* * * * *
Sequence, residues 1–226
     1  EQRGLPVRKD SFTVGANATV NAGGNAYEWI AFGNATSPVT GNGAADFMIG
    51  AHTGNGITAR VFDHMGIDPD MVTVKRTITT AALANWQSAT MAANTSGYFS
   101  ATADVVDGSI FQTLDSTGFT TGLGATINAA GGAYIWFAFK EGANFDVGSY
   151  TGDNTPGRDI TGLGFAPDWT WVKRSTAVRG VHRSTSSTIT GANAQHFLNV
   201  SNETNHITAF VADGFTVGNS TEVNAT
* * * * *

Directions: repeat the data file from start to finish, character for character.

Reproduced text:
Sequence, residues 1–226
     1  EQRGLPVRKD SFTVGANATV NAGGNAYEWI AFGNATSPVT GNGAADFMIG
    51  AHTGNGITAR VFDHMGIDPD MVTVKRTITT AALANWQSAT MAANTSGYFS
   101  ATADVVDGSI FQTLDSTGFT TGLGATINAA GGAYIWFAFK EGANFDVGSY
   151  TGDNTPGRDI TGLGFAPDWT WVKRSTAVRG VHRSTSSTIT GANAQHFLNV
   201  SNETNHITAF VADGFTVGNS TEVNAT